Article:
Despite increasing interest both in the nativisation of ‘world’ Englishes and in the study of ‘lesser-known’ varieties, some English-speaking areas are still entirely unexplored. One such area is Micronesia. English became a/the official language of the various Micronesian islands between 1892 and 1945, yet, beyond a couple of recent papers, there have been no published accounts whatsoever of the linguistic structure or sociolinguistic history of these territories.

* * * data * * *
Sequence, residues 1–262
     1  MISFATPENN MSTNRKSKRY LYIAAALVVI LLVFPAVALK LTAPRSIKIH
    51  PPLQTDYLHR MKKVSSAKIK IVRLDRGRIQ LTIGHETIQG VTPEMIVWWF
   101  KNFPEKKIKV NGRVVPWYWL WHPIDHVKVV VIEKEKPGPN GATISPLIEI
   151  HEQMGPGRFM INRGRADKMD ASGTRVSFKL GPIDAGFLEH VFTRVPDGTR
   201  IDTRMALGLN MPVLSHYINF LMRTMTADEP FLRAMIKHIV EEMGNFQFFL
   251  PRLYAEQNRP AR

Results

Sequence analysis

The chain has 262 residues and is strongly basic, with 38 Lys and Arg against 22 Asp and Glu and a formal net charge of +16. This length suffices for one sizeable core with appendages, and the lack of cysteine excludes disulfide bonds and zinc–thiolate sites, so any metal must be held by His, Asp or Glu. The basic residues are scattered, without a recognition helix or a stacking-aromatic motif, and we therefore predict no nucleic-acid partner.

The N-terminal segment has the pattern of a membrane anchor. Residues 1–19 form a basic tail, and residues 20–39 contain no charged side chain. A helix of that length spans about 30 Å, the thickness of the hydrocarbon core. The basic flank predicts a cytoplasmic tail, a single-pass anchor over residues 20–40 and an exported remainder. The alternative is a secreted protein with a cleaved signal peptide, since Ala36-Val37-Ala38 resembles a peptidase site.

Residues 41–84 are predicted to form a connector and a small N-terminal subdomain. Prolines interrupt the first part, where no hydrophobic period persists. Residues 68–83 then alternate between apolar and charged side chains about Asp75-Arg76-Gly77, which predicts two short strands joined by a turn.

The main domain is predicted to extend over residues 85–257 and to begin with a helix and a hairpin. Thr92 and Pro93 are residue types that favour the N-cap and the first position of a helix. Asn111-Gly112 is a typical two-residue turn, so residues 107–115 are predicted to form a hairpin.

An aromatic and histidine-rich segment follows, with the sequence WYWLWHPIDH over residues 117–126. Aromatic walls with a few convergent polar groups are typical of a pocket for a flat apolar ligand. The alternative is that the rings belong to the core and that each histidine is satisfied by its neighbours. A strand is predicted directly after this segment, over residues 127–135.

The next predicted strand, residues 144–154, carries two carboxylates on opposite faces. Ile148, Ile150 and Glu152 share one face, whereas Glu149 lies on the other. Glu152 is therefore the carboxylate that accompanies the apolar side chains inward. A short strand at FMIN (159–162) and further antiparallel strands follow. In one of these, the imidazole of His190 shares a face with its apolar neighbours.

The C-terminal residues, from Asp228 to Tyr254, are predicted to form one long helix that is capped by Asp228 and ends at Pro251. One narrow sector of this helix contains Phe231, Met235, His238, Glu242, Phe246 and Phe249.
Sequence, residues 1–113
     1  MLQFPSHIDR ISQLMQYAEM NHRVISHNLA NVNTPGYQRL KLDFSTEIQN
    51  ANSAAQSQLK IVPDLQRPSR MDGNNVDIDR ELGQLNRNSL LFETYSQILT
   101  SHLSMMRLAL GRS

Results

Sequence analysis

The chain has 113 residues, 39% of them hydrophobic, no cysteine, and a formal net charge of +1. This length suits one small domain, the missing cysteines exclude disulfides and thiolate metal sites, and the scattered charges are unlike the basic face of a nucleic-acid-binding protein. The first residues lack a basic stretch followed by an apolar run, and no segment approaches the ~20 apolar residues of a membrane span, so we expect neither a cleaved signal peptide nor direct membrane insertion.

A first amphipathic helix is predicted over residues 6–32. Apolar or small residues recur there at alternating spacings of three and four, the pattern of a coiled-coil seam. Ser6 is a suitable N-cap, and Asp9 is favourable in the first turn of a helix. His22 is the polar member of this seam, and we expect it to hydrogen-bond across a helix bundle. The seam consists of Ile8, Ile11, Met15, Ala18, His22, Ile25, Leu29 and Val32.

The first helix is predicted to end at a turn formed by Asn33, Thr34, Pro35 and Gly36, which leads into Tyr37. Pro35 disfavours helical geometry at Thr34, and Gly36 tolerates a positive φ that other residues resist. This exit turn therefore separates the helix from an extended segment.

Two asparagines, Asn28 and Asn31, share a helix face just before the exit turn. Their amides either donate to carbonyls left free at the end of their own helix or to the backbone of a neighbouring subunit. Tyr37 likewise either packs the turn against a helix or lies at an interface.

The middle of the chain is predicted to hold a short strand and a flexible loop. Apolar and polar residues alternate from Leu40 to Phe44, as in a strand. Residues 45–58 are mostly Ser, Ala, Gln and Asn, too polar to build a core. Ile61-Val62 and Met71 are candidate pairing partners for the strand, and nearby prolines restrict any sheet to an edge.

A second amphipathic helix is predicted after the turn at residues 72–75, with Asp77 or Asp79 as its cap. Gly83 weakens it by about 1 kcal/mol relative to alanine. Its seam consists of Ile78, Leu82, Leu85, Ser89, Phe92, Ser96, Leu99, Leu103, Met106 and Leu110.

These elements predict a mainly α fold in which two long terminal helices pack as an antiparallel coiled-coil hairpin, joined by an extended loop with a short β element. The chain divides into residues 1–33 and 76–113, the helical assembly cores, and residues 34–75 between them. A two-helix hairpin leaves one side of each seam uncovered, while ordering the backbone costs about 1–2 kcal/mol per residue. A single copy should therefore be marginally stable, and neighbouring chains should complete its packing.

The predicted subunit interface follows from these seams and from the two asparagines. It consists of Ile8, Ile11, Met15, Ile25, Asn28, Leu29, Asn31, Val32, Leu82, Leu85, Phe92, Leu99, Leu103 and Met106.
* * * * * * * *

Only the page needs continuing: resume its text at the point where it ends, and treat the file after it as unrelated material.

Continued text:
This book, based on empirical analyses of large corpora of spoken data from Palau, Guam, Saipan, Kosrae, Nauru, Kiribati and the Marshall Islands, examines both the structure –phonology, morphosyntax, lexis, discourse - as well as the sociolinguistic history and status of English in each territory. Each chapter takes into account possible substrate influence on these emerging Englishes, as well as contextualising the position of English with respect to other colonial and immigrant languages. The book also contains a chapter on the use of English in pre-20th century Micronesia – when it was used across the islands by whalers, beachcombers and missionaries - as well as a chapter examining the similarities and differences across the different new Micronesian Englishes.